Tuesday 27 December 2016

Passengers ... Worst film of the year

PASSENGERS has two of the biggest movie stars in the world, but the nondescript and risible
screenplay, and the lack of chemistry between them, mean the film won't lift off.    Norwegian director Morten Tyldum's Robinson-Crusoe-on spaceship film deals with the consequences of being stranded in space alone and quickly moves on to the film's bread-and-butter issue: the romance between Jennifer Lawrence and Chris Pratt.
   Lawrence and Pratt are two likeable people, but the film envelops them in romantic cliches: romantic dinner, romantic film date, romantic view that will take your breath away and romantic gesture with a rose.

    There's also a twist that comes early in the film, which is not referred to in the film's synopsis and trailers, and after that happens, there's nothing to look forward to.
   Mechanical engineer Jim Preston (Pratt) and writer Aurora Lane (Lawrence) find themselves stuck with each other on a huge spaceship after a malfunction causes their sleeping pods to open 90 years early. 
    They're part of 5,000 settlers who are in suspended animation and heading for the vast expanses of a faraway planet because Earth's overpopulated and too expensive to live on. 
   Jim's reasoning for wanting to migrate to another planet sounds like what the early US settlers had
It suits you, Jennifer Lawrence tells Chris Pratt.
hoped for in their travels. His occupation is convenient as it allows him to handle many gadgets and be brave for Aurora.
     Aurora's reason to migrate is as absurd as her name. It's preposterous for people to put themselves through the rigours of interstellar travel just so they could write about it.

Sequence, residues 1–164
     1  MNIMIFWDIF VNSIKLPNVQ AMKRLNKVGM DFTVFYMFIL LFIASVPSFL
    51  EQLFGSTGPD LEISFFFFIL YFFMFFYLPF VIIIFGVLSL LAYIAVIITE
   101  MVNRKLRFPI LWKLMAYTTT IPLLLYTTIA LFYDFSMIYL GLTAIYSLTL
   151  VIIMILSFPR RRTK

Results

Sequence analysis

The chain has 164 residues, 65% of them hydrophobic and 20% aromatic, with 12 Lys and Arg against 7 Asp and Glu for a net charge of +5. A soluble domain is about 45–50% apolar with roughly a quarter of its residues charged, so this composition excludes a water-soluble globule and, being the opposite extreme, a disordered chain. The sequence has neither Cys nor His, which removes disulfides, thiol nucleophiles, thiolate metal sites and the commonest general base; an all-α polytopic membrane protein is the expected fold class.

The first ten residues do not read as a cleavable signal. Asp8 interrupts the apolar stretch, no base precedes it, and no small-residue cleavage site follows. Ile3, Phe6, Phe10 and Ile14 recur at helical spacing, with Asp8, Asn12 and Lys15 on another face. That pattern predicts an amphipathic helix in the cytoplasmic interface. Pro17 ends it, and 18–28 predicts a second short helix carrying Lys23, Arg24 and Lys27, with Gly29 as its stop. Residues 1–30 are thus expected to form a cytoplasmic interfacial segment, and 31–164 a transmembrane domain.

Jim's the first to wake up, and his walkabout on the spaceship, and his pursuant thoughts about doing something drastic to himself, are similar to what Tom Hanks's character experienced in Cast Away.
   Jim shouldn't despair too much as he's lucky he didn't have to appear anorexic like Hanks in Cast Away and Matt Damon in The Martian.
  Jim eventually does something drastic after he can't stand the sight of his bearded self looking just like Hanks and Damon in their stranded films. Hanks and Damon didn't have a choice when they were stranded, but Jim glosses over his action so that his selfish self can be entertained. And that's about as much debate as viewers are going to get.
  As in all romantic films, one of the lovers will discover something about the other that will make the  
Space babe Jennifer struts her stuff.
former think twice about continuing with the relationship. I knew it would happen as soon as the two got together, and I even expected the former's reaction, but I thought it was incredulous for the former to overlook misgivings and fall back into the other's person arms.
    The reason for the pods malfunctioning  is also weak. Just because there's never been a malfunctioning pod among thousands of interstellar travel doesn't mean that it couldn't happen.
   The spacecraft is so sophisticated that you'd expect it to have a few reserves in the storeroom. It could splurge on a luxurious swimming pool, so I'm sure it could have spent a bit more on pods.
  Another discrepancy is about the food. Could a spacecraft preserve French food, fruits, milk and cereal for 120 years? I doubt it, yet we see Jim and Aurora gorging on their so-called fresh food after  it being stored for 30 years.

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